Nigerian entrepreneur Fajemi Gognaje, 35 years old, started a new business in 2016, selling agricultural inputs like seed and fertiliser.
Under a new contract with Cultivating New Frontiers in Agriculture (CNFA), an international agricultural development organisation, the U.S. Agency for International Development (USAID), recently launched the new Feed the Future Nigeria Agribusiness Investment Activity.
This activity aims to help Nigeria develop and strengthen a more business-enabling environment through the promotion of private-sector investment in agriculture. Through CNFA, USAID will work to improve the ease of doing business in the agricultural sector, broaden access to finance by mitigating the credit risks of agribusinesses, and promote investment opportunities for agribusinesses to expand and scale up operations.
In line with the commitment of the governments of the United States and Nigeria to broaden the economy, these efforts will increase the quality, quantity, market access and diversification of Nigeria’s agribusiness sector.
“This activity will pursue a unique, robust business-centred strategy to implement this Feed the Future initiative in Nigeria,” said Chief of Party Adam Saffer. “Under this approach, the activity will partner with domestic and multinational companies in order to more effectively bridge the gap between government and the private sector – and to distribute the economic benefits of the project more broadly across Nigeria’s agribusiness sector.”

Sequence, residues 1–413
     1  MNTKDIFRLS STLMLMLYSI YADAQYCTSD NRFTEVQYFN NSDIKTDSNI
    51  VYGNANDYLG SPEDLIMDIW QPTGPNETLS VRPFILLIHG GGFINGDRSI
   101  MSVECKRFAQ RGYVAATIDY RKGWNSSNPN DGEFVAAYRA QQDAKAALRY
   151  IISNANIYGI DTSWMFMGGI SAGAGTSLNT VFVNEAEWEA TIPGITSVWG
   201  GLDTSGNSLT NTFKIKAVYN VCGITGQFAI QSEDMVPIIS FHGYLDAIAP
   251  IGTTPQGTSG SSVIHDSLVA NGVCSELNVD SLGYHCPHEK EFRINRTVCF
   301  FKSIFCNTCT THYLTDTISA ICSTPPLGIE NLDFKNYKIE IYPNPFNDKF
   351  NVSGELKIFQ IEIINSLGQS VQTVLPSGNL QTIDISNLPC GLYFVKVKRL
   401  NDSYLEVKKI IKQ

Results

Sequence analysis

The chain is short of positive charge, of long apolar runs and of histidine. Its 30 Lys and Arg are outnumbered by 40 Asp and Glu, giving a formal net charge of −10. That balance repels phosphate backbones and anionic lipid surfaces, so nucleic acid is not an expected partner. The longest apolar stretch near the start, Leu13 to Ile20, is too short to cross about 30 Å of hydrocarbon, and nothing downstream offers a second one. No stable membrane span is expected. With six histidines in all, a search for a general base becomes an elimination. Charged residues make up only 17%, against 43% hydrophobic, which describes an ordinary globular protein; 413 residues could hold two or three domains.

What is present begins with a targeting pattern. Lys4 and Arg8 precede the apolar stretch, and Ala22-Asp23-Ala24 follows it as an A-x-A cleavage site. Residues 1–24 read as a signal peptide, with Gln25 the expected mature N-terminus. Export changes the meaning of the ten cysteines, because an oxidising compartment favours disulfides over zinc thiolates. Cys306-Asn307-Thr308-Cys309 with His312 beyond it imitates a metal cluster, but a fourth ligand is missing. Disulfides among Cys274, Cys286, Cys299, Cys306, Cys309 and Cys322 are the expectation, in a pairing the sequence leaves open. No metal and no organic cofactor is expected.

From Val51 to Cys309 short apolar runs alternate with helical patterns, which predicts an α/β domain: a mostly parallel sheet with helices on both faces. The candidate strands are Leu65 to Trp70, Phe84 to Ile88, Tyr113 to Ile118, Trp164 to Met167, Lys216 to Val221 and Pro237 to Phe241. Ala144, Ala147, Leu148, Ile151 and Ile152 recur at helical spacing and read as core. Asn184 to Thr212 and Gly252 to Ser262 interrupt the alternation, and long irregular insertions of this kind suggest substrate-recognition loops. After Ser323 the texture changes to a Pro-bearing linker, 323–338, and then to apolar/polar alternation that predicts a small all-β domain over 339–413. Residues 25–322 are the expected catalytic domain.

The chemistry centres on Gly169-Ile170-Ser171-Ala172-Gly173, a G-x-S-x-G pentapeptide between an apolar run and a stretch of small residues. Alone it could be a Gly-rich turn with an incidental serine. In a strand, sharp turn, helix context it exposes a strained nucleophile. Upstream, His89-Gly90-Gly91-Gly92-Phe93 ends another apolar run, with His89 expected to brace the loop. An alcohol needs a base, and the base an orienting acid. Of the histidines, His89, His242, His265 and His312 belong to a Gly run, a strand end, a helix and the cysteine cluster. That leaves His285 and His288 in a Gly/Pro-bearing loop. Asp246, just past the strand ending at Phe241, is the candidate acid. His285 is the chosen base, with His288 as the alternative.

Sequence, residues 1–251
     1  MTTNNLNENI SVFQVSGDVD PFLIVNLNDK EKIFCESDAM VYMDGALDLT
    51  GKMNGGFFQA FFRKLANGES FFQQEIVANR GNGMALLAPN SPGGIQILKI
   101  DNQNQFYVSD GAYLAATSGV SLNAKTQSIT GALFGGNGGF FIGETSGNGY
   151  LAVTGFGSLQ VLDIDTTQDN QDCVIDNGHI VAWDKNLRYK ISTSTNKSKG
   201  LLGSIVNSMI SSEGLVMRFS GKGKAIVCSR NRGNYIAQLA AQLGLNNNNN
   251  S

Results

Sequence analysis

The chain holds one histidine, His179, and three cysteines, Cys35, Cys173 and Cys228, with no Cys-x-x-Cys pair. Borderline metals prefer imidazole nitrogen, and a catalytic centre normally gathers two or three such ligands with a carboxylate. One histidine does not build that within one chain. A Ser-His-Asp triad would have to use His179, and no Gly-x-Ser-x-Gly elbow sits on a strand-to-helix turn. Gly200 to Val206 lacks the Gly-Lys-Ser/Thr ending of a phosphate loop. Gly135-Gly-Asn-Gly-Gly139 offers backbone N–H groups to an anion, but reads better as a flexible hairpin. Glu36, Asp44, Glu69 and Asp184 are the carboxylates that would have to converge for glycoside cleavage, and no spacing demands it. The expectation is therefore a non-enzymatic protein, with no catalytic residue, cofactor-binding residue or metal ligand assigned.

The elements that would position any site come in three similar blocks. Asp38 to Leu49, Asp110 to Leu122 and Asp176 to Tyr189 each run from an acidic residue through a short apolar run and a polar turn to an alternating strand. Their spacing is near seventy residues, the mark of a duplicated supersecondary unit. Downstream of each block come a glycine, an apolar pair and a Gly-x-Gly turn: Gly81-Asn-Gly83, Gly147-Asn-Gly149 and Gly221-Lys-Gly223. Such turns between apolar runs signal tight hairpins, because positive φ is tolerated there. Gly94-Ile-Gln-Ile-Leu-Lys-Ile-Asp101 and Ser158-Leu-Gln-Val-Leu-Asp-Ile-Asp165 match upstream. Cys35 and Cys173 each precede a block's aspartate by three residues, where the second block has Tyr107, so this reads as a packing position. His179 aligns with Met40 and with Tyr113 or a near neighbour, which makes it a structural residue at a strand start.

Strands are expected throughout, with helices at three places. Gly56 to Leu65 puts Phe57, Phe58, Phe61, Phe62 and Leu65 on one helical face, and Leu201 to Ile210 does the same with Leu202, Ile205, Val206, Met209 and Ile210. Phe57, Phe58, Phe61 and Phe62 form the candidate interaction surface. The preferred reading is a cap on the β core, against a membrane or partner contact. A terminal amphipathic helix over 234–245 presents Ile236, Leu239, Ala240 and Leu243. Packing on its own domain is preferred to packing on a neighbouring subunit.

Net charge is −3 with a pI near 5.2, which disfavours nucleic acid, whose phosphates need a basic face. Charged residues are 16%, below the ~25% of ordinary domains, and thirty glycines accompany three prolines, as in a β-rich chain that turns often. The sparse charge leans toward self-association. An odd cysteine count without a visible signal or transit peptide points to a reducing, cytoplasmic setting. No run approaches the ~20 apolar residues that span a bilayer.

The Agribusiness Investment Activity aims to collaborate with the Nigerians agribusiness sector to integrate and upgrade thousands of micro, small and medium enterprises (MSMEs) and producer organizations as high-performing commercial actors in the rice, maize, soy, cowpea, and aquaculture value chains.
Through advocacy for streamlined regulations, more effective policies, improved production and processing practices, and significantly increased finance and investment flows, the activity will help Nigerian entrepreneurs increase the competitiveness and returns of both large and small agricultural enterprises in Nigeria.
Over the course of the five-year award, the Agribusiness Investment Activity aims to facilitate $200 million in new lending and $100 million in new investment across the five crops in the following seven designated Nigerian states: Kaduna, Niger, Kebbi, Benue, Delta, Ebonyi, and Cross River.